Family Life

These Statistics About the Effects of Divorce on Kids Are Pretty Scary

The word divorce has gone from taboo to mainstream, all in our lifetime. Experts debate the exact divorce rate in the U.S., but they agree that the number of marriages ending in divorce today falls in the range of 35 percent to potentially higher than 50 percent. The effect on the adults involved is immense, but the toll it takes on their children is the real heartbreaker.

Findings of a recent study completed in the U.K. show that the difference in parents’ opinions versus those of their children is remarkable, and parents underestimated the effect of their divorce on their kids across the board. You may not believe what some of the numbers revealed.

First, over 75 percent of parents who were polled stated that their kids had “coped well” with the divorce. Meanwhile, just 18 percent of the kids echoed that sentiment. Sadly, 20 percent of these children, ages 8-18 felt they couldn’t talk to their parents about their feelings because their moms and dads were “too wrapped up in themselves.” In a trend that sounds like role reversal, almost 40 percent said that they hid their true feelings from their parents because they didn’t want to upset them.

The emotional implications of divorce on the kids who are involved have long been documented both in the U.S. and around the world. Perhaps what’s most alarming is the extremes to which the surveyed children have gone in response to their parents’ divorces. About 5 percent of the children had turned to alcohol, while one in nine of the children intentionally wounded themselves. Six percent had considered suicide, and two percent had even attempted it.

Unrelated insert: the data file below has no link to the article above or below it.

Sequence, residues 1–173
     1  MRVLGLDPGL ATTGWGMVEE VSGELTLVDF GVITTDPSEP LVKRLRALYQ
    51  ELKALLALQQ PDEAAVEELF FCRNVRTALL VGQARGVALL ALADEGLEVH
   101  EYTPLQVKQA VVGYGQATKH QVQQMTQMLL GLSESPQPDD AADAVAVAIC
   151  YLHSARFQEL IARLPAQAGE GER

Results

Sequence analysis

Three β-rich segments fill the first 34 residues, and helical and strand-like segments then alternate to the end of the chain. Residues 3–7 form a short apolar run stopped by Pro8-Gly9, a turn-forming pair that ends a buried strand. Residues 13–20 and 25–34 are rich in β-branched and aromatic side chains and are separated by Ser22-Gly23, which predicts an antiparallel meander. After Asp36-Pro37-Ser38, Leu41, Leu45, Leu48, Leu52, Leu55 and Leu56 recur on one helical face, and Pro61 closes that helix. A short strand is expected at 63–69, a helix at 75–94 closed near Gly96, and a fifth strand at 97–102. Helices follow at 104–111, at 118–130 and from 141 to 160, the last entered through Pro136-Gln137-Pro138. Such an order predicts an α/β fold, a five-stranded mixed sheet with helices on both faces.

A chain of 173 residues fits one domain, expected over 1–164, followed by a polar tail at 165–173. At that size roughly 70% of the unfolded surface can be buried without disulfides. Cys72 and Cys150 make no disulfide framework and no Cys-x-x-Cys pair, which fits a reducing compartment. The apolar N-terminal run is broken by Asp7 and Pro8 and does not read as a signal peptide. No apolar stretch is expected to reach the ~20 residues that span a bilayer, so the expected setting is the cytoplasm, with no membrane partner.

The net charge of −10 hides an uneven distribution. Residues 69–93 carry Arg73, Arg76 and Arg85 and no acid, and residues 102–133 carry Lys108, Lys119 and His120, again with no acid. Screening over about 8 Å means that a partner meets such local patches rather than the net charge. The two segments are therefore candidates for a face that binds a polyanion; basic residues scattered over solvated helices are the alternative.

So what can we take away from the information uncovered in this study? Divorce is an inevitable part of many lives, and the outcome of two parents separating is often better than if they had stayed together in an unhappy marriage and home. However, adults going through this difficult process need to stop thinking about themselves so much. If it’s hard on you, imagine how it feels to your kids. Quit posting updates on Facebook, enough with the selfies, and no more planning a “newly single celebration” with your friends (yes, apparently that’s a growing trend). Whether you and your partner are in a happy marriage or one that’s on the brink of divorce, your kids need to know that you love them and that they can trust and share their feelings with you.



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